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New Releases: Swords and Dark Magic (edited by Strahan & Anders)

Swords and Dark Magic Swords and Dark Magic: The New Sword and Sorcery may be the first anthology I've actually eagerly anticipated since... I'm not sure. Probably The Last Dangerous Visions. Not that I have any particular objection to short stories, I just very rarely find a collection of them that intrigues me enough to to offset the inevitable crap and/or poetry. 

Swords and Dark Magic, however, pushed all the right buttons. Abercrombie, Lynch and Parker in one place? I'd crawl over broken glass to get there. And the theme - the stunning resurgence of Howardian pulp fiction? You could lace said glass with strychnine, and still get me a-crawling.

So, keeping my utterly reasonable expectations in mind, how did Swords and Dark Magic fare?

Well, not too badly. In a rare feat of anthologising, there wasn't a single story I skipped, and, possibly more importantly, there are several that I really look forward to revisiting. There were some pleasant surprises - and some unpleasant ones - as well as a few interesting themes that I'll get to later on.

Scott Lynch definitely stole the show with "In the Stacks". Four sorcerous students must return books to the university library - a surprisingly dangerous adventure. A brilliant concept, a demonstration that characters can be built in a small space and some delicious storytelling. 

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About Babylon Steel

In case you missed it, earlier this week, Solaris acquired Babylon Steel from debut author Gaie Sebold. Steel is an ex-swordswoman just trying to run her business in the city Scalentine.

What's her business? She runs the best brothel in town.

Being the curious sort, we did a rare bit of reporting and reached out to Solaris editor Jonathan Oliver for a quick comment:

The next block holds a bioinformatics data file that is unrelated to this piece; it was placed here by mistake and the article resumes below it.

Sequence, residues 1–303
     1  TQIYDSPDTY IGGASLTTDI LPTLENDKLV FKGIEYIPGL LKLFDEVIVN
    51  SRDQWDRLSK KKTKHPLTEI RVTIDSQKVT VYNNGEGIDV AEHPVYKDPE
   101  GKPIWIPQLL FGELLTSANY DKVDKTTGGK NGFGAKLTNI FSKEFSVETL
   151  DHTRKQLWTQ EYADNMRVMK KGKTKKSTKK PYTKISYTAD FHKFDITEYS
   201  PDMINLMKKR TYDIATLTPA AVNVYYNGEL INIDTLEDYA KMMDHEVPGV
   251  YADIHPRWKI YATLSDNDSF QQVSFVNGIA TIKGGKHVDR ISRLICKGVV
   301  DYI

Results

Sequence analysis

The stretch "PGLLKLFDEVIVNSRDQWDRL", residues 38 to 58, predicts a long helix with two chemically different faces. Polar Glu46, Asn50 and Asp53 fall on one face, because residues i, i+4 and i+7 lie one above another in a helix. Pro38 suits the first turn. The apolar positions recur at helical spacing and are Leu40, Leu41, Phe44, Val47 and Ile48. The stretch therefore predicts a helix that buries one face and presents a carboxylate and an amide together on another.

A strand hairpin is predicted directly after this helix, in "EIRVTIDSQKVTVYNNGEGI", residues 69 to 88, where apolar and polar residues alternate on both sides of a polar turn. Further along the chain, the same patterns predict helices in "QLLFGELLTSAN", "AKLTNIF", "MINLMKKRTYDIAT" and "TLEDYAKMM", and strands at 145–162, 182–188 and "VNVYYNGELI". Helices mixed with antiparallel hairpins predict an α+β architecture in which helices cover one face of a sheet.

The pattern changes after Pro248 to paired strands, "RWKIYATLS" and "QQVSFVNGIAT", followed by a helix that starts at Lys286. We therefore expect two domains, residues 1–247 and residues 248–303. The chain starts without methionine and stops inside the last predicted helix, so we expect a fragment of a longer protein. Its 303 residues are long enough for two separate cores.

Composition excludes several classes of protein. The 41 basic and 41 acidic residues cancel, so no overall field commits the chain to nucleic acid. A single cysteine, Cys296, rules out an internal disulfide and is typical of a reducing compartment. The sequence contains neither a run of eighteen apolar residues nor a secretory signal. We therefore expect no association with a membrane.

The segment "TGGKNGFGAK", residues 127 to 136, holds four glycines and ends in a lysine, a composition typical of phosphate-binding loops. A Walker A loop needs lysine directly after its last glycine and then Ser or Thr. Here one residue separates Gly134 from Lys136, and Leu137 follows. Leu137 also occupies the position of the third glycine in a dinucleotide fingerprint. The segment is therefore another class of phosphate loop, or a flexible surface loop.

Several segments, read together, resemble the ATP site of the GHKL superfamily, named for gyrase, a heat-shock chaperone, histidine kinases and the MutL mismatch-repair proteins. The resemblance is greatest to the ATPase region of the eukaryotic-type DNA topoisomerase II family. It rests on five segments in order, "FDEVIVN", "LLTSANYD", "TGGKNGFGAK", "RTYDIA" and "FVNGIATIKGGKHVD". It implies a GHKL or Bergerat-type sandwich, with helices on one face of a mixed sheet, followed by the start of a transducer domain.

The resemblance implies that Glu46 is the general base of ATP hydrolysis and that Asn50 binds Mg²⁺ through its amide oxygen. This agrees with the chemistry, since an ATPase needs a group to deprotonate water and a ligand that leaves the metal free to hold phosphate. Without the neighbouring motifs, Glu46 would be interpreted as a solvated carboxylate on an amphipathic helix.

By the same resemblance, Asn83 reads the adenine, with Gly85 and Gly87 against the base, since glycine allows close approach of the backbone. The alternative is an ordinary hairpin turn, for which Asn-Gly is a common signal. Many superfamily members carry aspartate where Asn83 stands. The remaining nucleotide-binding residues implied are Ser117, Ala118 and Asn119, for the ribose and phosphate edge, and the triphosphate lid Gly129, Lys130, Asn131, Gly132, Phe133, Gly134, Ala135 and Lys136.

"One thing that strikes me about fantasy is how old-school and medieval sexual politics often are in the novels. Obviously if you're using a medieval social structure, then some of this is going to happen anyway. But, let's not forget that all important word, fantasy. You can do anything. Gaie is one of the few writers around who is talking sensibly and inventively and compassionately about sex and sexual politics. Couple this with a kick-ass fantasy story involving Gods and monsters and journeying through many planes of reality, and you have a fresh and original work. Very pleased to have Gaie on the list."

There you go. From the horse's mouth: gods, monsters and sexual politics, all coming in late 2011.

Underground Reading: Johannes Cabal the Necromancer by Jonathan Howard

Johannes Cabal the Necromancer Johannes Cabal the Necromancer (2009) is an amusing, folklorish tale from Jonathan Howard.

Cabal is, unsuprisingly, a necromancer. He's traded his soul for the power of life and death, but now he's discovered that his soulless state is impacting his (otherwise rigorous) experimentation. Cabal is exactly the sort of meticulous proto-scientific sort that can't stand this sort of unpredictable involvement in his research. Therefore, he needs his soul back.